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Deficit warning: Yellen says higher rates make managing it harder

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Treasury Secretary Janet Yellen said the outlook for higher interest rates over the long haul makes it tougher to contain US borrowing needs, heightening the importance of boosting revenue in negotiations with Republican lawmakers.

“We’ve raised the interest-rate forecast,” Yellen noted Friday in an interview with Bloomberg News. “That does make a difference. It makes it somewhat more challenging to keep deficits and interest expense under control.”

Yellen was referring to the Biden administration’s budget proposals, which she said ensure that the nation stays on a sustainable fiscal trajectory. She reiterated her emphasis on the metric of inflation-adjusted interest payments compared with GDP. That ratio jumped the past year, but the White House sees it stabilizing at about 1.3% over the coming decade.

“I don’t have a hard-and-fast rule, but I would not like to see it drift above 2%,” she said, in her most specific comments yet on that guidepost. She’s previously said the administration’s forecasts generated “historically normal” debt costs.

By contrast, Goldman Sachs Group Inc. economists do see the ratio exceeding that tolerance zone— projecting net real interest payments reaching 2.3% by 2034. That was in new analysis released Wednesday. Five years ago, the bank’s prediction was at 1.5%.

Soaring interest rates are a key reason why the outlook has worsened. The Federal Reserve aggressively raised rates beginning in 2022 to combat inflation, making it more expensive for the government to service its debt.

In its latest annual budget proposal, the White House projected 10-year Treasury yields at 3.7% in the early 2030s — almost a full percentage point higher than the 2.8% seen in its proposal three years before. Treasury-bill rates, which closely track the Fed’s benchmark rate, have gone up by about half a percentage point in those longer-term projections.

“We have included a lot of deficit reduction measures in the budget in order to hold the interest expense at a level that we think is fiscally responsible,” Yellen said. She was speaking with Bloomberg News in Stresa, Italy, on the sidelines of a Group of Seven meeting for finance ministers and central bank governors.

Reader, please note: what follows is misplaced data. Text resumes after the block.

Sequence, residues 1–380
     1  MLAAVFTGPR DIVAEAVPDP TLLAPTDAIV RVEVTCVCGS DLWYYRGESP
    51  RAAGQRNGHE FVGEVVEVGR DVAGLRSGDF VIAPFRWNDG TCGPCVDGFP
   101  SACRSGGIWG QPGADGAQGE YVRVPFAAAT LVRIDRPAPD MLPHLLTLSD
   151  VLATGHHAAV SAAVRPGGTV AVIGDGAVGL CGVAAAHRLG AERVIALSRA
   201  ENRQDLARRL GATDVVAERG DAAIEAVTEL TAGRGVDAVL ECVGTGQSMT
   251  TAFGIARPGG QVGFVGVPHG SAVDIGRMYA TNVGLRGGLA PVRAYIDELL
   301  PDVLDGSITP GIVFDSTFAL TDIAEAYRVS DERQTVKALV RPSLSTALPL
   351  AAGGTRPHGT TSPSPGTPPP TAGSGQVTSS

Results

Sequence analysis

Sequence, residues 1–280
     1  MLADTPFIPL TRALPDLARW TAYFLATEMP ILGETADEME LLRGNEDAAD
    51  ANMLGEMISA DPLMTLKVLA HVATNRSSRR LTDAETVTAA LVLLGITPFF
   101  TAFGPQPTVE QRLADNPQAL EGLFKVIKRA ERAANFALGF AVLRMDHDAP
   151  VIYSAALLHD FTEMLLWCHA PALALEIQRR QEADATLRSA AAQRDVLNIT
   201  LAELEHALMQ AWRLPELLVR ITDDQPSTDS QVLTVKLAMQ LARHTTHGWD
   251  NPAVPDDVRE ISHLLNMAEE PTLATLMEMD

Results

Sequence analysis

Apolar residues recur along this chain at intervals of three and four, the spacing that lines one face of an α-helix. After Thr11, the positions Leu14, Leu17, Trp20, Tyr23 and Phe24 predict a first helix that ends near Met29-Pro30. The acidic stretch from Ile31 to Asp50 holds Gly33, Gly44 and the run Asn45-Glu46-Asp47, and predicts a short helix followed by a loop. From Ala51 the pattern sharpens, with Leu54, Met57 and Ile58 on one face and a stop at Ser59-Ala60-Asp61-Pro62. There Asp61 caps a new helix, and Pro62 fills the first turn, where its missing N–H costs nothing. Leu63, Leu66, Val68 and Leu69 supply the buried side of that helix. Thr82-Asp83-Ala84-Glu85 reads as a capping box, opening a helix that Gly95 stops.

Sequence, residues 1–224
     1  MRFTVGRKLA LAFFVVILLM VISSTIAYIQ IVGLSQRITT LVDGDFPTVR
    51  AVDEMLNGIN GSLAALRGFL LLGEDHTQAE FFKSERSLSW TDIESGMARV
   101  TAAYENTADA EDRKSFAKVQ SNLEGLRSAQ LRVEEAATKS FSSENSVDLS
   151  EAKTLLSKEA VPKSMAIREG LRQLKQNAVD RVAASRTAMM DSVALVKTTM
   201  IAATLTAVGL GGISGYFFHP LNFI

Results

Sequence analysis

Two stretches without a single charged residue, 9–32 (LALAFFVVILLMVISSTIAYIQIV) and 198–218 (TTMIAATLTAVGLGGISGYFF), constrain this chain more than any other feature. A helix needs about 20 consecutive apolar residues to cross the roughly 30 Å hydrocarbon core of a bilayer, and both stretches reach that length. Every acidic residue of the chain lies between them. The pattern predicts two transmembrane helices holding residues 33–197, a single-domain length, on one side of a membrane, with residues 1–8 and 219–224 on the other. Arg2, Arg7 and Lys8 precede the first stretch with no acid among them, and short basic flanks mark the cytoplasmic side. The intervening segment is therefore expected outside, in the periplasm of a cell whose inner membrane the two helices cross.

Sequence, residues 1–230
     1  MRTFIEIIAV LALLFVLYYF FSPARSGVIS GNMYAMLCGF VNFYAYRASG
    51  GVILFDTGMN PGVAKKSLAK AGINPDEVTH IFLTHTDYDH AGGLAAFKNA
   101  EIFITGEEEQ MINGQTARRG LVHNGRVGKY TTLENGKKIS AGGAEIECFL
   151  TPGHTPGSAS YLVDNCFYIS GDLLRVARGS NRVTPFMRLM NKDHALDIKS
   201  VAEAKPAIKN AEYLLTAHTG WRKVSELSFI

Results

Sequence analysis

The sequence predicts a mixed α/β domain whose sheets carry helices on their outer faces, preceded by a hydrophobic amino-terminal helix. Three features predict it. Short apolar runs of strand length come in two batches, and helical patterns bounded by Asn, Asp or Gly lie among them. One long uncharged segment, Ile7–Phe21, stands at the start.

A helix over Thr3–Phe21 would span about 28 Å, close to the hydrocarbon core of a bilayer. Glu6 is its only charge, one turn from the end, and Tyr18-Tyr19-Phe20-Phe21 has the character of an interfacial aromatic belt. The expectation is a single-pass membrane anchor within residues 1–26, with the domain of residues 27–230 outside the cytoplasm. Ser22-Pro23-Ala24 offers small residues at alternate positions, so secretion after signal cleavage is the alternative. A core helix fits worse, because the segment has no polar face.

“We’re going to be opening up a tax negotiation,” Yellen said, alluding to the looming legislative battle over tax cuts passed in 2017 under former President Donald Trump that are due to expire at the end of 2025.

While Trump has pledged to extend the cuts, President Joe Biden wants to preserve reductions only for those earning less than $400,000 a year. As for the revenue from tax cuts that aren’t extended, Yellen said in the interview that “some of it probably needs to be used” for deficit reduction.

Yellen said “it’s also going to be necessary” to pay for provisions that are extended through new revenue. One way to help fund that is implementing the global corporate minimum tax deal, she said. “You need to do more than that, but that’s a pay-for.” On Saturday, she said the US isn’t ready to sign the final version of that agreement.

Biden’s budget, released in March, also includes tax hikes on capital gains and on households worth at least $100 million, among a slew of revenue-raising proposals that Republicans oppose.

Furman’s Doubts

Yellen noted that, “if we were back in the zero interest world, and thinking that that was a long term sustainable situation,” the path for net federal interest costs would be lower.

Her views on where borrowing costs will settle over time have appeared to shift. Last October, she said “it’s perfectly possible that we will see longer-term yields come down,” as many underlying trends that had depressed them in the past were “still there.”

While many observers focus on the overall debt-to-GDP ratio, Jason Furman and Lawrence Summers of Harvard University in a 2020 paper argued that policymakers should look instead at keeping real net interest from rising above 2% of GDP. Summers, a former Treasury secretary, is a paid contributor to Bloomberg TV.

Furman, former White House chief economist in the Obama administration, said last year the 2% guidepost isn’t sancrosanct.

“It is based on looking at the experience in other countries, the historical experience in the United States, our gut instinct,” Furman said in an interview last May. “I’m not positive it’s right.”

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